Supporting the arts: 18 cultural organizations receive funding to continue enriching Staten Island

STATEN ISLAND, NY — Borough President Vito Fossella announced Thursday morning at Historic Richmond Town that he has awarded funds to more than a dozen Staten Island cultural organizations, so that they can enhance their programs and services in arts education and entertainment.

“All of you have a very significant role individually, but more importantly, collectively, to make Staten Island a great place to live,” Fossella said.

The Borough President’s Office awarded a total of $161,786 in discretionary funds to the 18 cultural organizations.

“Thank you for your support of Staten Island artists, which are truly amazing,” said Jessica Baker, president and CEO of Snug Harbor Cultural Center, Livingston.

With the funding, Staten Island can continue to enhance its offerings in music, song, theater, and visual and digital art. Funds will go towards things like lighting, sound board, perimeter cleaning, electrical repairs and new boiler rooms.

“This year, so many parents came up to me in June after the Minty ceremonies and said ‘this here saved my kid’s life. Being back on stage. Being with people who feel like they don’t belong in a lot of other places, but feel like they belong on stage,’” recalled Michael Pinto, executive director and founder of the Minty Organization of Performing Arts. “So never doubt for a second what we’re doing and how it impacts students’ lives.”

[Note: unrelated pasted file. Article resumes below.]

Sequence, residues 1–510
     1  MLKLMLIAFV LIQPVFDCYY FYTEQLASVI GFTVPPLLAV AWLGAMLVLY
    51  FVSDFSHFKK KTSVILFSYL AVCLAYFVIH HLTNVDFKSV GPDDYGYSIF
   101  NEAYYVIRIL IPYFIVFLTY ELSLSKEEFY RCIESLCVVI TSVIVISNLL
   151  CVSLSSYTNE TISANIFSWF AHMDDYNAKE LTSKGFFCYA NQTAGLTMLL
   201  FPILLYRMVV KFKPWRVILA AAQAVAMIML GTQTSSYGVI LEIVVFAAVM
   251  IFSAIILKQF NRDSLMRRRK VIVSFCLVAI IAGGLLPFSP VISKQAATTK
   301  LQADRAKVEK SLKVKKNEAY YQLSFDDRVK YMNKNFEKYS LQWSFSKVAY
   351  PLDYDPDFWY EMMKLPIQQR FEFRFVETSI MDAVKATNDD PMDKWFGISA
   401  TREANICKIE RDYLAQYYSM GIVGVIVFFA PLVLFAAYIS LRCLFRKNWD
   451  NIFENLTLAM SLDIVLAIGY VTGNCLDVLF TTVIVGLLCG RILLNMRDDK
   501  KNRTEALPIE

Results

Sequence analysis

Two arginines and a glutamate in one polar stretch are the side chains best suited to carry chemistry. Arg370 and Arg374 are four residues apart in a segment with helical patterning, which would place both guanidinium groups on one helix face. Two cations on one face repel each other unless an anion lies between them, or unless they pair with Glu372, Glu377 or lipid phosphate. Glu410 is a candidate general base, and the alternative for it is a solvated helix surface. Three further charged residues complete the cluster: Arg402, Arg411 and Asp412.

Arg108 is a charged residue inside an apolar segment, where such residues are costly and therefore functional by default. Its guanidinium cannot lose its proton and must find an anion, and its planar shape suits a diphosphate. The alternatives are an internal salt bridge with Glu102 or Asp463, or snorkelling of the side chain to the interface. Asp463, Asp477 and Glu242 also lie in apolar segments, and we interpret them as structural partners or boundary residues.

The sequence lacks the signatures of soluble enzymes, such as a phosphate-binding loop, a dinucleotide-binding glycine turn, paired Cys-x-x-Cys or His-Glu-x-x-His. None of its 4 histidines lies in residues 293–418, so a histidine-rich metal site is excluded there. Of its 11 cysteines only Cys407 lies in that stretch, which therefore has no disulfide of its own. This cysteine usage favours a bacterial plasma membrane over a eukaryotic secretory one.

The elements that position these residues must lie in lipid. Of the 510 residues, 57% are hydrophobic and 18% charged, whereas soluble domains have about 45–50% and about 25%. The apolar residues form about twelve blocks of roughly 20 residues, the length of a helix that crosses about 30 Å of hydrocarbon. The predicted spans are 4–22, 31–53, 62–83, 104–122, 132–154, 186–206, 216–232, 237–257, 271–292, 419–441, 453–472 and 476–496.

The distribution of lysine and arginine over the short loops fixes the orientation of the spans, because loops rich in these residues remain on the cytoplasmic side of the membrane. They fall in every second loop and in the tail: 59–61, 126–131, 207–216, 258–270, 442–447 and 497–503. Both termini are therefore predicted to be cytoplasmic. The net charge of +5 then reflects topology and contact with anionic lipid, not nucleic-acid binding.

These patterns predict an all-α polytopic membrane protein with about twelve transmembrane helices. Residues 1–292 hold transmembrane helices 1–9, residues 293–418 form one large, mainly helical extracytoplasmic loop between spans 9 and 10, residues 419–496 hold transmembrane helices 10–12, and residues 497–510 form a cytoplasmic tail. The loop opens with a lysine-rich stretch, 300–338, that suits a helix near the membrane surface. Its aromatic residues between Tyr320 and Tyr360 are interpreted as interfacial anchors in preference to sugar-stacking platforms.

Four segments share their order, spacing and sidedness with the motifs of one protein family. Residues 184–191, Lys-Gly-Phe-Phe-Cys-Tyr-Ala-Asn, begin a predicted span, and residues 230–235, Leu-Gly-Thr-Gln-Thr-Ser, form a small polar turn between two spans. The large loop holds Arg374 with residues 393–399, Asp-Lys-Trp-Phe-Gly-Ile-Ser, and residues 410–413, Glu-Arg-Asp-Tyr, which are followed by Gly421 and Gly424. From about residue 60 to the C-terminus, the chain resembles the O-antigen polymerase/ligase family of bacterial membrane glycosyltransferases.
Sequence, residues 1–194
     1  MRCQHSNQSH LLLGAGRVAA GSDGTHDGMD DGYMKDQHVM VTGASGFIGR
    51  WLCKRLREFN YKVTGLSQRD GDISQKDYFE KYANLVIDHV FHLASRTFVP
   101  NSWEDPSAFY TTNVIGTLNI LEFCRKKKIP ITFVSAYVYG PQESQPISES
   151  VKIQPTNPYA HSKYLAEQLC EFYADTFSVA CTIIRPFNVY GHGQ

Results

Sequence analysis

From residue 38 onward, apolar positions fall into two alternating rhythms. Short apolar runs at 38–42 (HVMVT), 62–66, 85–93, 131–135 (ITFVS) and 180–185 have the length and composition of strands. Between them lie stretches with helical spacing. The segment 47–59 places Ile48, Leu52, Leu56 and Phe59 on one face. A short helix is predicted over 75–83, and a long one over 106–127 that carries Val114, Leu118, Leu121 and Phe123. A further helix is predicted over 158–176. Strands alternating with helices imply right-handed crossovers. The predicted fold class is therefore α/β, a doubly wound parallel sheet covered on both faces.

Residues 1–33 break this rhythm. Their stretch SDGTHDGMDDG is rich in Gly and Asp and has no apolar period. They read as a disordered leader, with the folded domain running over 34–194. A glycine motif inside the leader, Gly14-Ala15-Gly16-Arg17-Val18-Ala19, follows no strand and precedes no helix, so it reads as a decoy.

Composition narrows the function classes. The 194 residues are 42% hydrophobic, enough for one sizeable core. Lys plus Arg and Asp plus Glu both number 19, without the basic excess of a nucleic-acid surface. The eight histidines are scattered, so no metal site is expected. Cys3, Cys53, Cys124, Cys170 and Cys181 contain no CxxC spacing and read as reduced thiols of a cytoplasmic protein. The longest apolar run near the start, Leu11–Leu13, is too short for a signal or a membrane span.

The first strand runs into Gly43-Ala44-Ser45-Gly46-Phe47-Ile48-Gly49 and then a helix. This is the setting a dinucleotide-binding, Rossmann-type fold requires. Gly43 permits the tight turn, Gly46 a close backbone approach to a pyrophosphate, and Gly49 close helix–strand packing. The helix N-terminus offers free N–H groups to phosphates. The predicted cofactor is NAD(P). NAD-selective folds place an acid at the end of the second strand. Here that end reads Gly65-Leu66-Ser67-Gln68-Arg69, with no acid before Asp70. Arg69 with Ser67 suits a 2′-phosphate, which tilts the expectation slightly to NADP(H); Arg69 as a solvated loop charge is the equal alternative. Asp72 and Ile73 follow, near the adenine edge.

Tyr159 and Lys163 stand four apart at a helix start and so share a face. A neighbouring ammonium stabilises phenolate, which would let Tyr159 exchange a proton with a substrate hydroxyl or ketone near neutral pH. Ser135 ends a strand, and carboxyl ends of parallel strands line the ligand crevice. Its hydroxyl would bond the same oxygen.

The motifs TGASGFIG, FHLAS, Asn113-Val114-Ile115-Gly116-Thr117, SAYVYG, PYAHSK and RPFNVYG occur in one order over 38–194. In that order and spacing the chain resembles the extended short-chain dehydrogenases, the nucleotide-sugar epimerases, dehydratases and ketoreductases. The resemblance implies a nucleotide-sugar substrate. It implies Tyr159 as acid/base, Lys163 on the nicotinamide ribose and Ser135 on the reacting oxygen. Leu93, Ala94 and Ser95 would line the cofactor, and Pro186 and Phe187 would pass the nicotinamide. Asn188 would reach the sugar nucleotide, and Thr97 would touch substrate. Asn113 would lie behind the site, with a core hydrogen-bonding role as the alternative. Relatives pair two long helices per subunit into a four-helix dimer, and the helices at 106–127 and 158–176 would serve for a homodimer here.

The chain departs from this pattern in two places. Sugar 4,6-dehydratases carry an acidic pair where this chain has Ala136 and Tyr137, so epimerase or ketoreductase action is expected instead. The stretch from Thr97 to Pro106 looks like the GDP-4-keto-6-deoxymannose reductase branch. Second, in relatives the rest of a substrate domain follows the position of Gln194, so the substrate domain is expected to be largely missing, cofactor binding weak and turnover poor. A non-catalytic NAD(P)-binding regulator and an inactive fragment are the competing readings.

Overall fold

In addition to the Minty Organization, Snug Harbor and Historic Richmond Town, the cultural organizations that were recognized and received funding include: the Alice Austen House; the Garibaldi-Meucci Museum; Illuminart Productions; the Jacques Marchais Museum of Tibetan Art; the Noble Maritime Collection; the Richmond County Orchestra; the Staten Island Ballet; the Staten Island Children’s Museum; the St. George Theatre; the Staten Island Museum; the Staten Island Zoo; the Sundog Theater, and the Travis Fourth of July Celebration Committee.

“Especially after COVID, with people being disenfranchised and non-attached to each other, the arts bring people together,” said Susan Fenley, executive director at Sundog Theatre. “They also teach career skills. I was telling Mr. Fossella that the arts are like a $22 billion industry just in New York City alone, so we’re teaching career skills to the little ones.”

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